From Liberation to Conquest: The Visual and Popular Cultures of the Spanish-American War of 1898

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From Liberation to Conquest: The Visual and Popular Cultures of the Spanish-American War of 1898. Bonnie M. Miller. Amherst: University of Massachusetts Press, 2011.

In 1898, popular American war fever focused on two narrow objectives: avenging the sinking of the Maine, and liberating the Cuban people from Spanish tyranny. However, victory resulted in a prolonged U.S. military occupation of Cuba and a colonial war of conquest in the far-off Philippines. The nominally anticolonial United States had become an imperial world power. In recent years, it has become common for scholars to identify cultural narratives of race and masculinity as the source of this turn to empire.

In From Liberation to Conquest, Bonnie Miller treads this familiar path, but points out new sights along the way. She seeks to explain the role of "media spectacle as a mechanism for manufacturing popular consent to war and imperialism" (2). In the first chapter, she details how the media shoehorned Spanish "outrages" against Cubans into a romantic narrative of captive maidens and valiant saviors. Following Kristin Hoganson Fighting for American Manhood, 1998), Miller argues that this chivalric melodrama helped Americans see war as a humanitarian venture. In Chapter 3, Miller contends that treating the battles of Manila, San Juan Hill, and Santiago Bay as backdrops for heroic acts by American men like George Dewey and Theodore Roosevelt distracted the public's attention from the Cubans' struggle for independence and obscured the economic and strategic context of imperial expansion. In Chapters 4 and 6, Miller illustrates how racist depictions of Cubans and Filipinos in political cartoons (both pro- and anticolonial) made it more difficult to imagine the islands as independent republics. In contending that "racial thinking was central to justifying the changing purpose of the war" (228), Miller echoes a common historiographical theme.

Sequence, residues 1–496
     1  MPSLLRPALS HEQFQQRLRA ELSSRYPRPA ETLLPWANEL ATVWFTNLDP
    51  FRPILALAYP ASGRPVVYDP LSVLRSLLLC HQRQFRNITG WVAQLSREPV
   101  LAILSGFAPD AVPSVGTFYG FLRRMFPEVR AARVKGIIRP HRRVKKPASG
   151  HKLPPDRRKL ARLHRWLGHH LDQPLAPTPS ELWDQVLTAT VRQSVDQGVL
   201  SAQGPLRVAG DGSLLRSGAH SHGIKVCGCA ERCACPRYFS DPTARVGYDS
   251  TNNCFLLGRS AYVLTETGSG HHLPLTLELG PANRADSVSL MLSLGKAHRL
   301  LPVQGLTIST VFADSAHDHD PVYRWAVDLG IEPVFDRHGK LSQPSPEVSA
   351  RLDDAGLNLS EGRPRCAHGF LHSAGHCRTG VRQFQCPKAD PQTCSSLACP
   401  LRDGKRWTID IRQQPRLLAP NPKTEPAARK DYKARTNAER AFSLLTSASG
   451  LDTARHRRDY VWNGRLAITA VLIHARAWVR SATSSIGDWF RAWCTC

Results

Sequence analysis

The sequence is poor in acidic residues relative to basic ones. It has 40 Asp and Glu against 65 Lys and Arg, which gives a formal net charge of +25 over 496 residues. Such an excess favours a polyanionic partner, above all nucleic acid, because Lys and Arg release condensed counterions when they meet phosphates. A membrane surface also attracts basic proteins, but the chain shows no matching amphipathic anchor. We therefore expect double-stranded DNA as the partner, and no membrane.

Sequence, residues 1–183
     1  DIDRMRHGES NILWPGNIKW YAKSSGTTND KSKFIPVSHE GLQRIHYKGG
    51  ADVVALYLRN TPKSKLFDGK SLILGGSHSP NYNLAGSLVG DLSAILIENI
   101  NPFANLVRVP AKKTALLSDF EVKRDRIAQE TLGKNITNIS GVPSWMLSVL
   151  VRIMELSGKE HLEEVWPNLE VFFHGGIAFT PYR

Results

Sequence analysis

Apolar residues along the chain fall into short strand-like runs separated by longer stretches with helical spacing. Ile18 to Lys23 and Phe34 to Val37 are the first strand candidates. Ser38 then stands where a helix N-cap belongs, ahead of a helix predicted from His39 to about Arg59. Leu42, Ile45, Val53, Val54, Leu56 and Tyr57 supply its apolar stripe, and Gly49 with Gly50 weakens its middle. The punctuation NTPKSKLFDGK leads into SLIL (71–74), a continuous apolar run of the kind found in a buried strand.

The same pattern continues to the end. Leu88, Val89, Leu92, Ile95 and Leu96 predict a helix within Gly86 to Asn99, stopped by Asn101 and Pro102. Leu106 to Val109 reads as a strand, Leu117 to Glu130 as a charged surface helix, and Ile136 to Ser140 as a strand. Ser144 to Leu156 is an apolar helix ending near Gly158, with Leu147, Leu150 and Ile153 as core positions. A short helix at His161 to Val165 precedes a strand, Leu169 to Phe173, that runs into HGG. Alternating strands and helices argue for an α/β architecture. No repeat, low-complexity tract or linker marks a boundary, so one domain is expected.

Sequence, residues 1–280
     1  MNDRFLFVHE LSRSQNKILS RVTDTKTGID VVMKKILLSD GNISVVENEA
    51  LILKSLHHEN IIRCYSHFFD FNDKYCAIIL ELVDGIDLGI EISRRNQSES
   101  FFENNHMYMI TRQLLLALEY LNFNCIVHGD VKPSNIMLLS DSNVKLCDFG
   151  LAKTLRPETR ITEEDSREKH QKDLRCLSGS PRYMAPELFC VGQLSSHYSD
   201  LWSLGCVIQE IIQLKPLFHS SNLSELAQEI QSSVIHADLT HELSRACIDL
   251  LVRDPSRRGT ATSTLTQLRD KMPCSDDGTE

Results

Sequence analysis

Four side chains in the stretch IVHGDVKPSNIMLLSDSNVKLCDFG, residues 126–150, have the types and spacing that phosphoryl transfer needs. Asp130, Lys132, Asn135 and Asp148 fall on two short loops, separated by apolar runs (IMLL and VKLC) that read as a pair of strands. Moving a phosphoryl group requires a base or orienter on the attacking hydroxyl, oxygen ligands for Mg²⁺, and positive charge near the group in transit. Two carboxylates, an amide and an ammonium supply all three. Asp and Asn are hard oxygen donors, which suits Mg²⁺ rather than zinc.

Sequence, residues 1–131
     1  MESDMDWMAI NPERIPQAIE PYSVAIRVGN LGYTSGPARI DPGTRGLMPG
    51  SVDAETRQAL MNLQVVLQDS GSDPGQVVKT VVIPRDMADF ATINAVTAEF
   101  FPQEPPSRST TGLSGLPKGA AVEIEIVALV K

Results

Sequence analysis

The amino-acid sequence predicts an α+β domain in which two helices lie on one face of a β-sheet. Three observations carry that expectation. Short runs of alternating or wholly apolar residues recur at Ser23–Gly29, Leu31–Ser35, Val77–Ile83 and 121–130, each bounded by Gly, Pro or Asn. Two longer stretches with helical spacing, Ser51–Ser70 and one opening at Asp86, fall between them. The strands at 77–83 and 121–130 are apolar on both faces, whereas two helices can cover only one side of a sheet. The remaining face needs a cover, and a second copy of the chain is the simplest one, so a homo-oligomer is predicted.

However, Miller cautions readers not to draw simplistic lessons about the relationship between culture and politics. She repeatedly debunks the "yellow press" thesis: the claim that the sensationalistic Hearst and Pulitzer newspapers forced the country's leaders into war. Relying heavily on Robert C. Hilderbrand's Power and the People (1981), Miller paints President William McKinley as an independent actor who chose war and empire for his own strategic reasons, not in response to public pressure.

Where the book advances beyond existing scholarship is in its detailed and nuanced account of the production and reception of visual and popular culture. Although limited primarily to "media that white Americans produced for broad consumption" (3), Miller brings to the task extensive research in over forty periodicals as well as newsreels, plays, fairs, and other popular amusements and commodities. …